In the Spanish Territory of Alta California, there was a very small pueblo with a very long name. El Pueblo Nuestra Señora Reina de Los Angeles was founded in 1781 as an agricultural outpost. Sebastian de la Vega had already established his ranch near there several years earlier. The de la Vega rancho was now one of the largest in all of California, raising cattle and sheep, fruits and vegetables.
At that moment, the grandson of Don Sebastian was not concerned with the problems of running such a large estate, much to the constant dismay of his father. Don Diego de la Vega was in a cave deep underneath the impressive hacienda where he and his father lived. In the cave with him was his adopted son, a handsome young man named Felipe.
Felipe was sitting on a stool in the middle of the cave. The cave was cluttered with all sorts of scientific equipment, for Diego liked to consider himself a scientist. But in another section of the cave was the reason it remained a secret between the two men who presently occupied it. On one wall hung several swords, whips and daggers. And hanging on a clothes rack next to the small arsenal, was an outfit of black clothing. Black shirt, black pants, black hat, gloves, sash, boots, a long black cape and a piece of black silk that had two eye hole slit through it.
For Don Diego de la Vega, the son and grandson of wealthy landowners, was Zorro. Who, depending on whom was describing him, was either a dashing defender of justice or a treasonous masked bandit.
But once again, Diego was not concerned with Zorro and his problems. He was concentrating on the young man perched on the stool.
"Say 'a'," Diego instructed.
Felipe tried to say the letter, but no sound would come from his lips. Before Diego had found him, Felipe and his parents had been caught in one of the battles of the August Revolution. His mother and father had been killed by a stray cannonball as they were making their escape. Felipe had been left without his hearing or power of speech. He did regain his hearing several years later, but he still could not speak. However, about a year ago, he had saved Zorro's life by calling out his name when the other man had been in danger. Ever since that day, Diego tried to work with Felipe when they had the time.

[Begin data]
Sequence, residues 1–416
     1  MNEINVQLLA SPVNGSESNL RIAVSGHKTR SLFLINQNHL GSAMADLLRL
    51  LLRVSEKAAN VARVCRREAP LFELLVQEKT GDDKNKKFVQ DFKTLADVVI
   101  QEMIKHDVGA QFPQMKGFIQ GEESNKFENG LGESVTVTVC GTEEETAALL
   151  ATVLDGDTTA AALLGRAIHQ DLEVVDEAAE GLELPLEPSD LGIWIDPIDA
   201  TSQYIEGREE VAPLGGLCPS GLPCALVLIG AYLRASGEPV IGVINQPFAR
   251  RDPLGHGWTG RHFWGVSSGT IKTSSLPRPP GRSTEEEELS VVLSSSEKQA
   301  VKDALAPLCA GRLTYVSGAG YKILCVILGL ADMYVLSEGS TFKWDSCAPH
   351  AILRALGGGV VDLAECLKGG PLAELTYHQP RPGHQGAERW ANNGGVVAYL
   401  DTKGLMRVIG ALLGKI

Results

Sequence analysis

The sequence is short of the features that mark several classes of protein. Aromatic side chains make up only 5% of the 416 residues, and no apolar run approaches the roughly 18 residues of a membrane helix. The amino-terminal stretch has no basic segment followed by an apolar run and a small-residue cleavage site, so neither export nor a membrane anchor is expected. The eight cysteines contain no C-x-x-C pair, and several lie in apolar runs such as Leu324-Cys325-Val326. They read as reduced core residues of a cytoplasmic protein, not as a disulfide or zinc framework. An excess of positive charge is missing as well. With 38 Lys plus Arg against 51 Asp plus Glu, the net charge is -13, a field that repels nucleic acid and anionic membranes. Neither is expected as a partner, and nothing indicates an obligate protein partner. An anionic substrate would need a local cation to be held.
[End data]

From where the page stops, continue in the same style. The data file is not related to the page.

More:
Felipe attempted again to pronounce the requested letter but to no avail. He looked up at Diego with a defeated expression on his face, his shoulders sagging.
"Do not give up so easily, Felipe," encouraged Diego. "You spoke once and I know you will again. Let's try the letter 'Z'. You have said that once before."
Felipe struggled to make the sound several times. Finally about his fifth, he made a quiet ‘Z' sound. He looked up at Diego this time with a big grin on his youthful face. Diego was smiling too.
"I knew you could do it, Felipe," said Diego proudly. He clasped the young man on the shoulder. "I think we have done enough for one day, don't you?"
Felipe nodded. He jumped off the stool and walked over to the wall in which there was a small viewing hole, giving the occupants of the cave a clear view of the hacienda's library. Felipe peered through the hole, then turned and gave Diego the all clear signal. The two men went through the archway leading out of the cave. They emerged from the fireplace's secret panel into the empty library.
"Now it is time for you to study your law books," said Diego. Felipe rolled his eyes at this suggestion.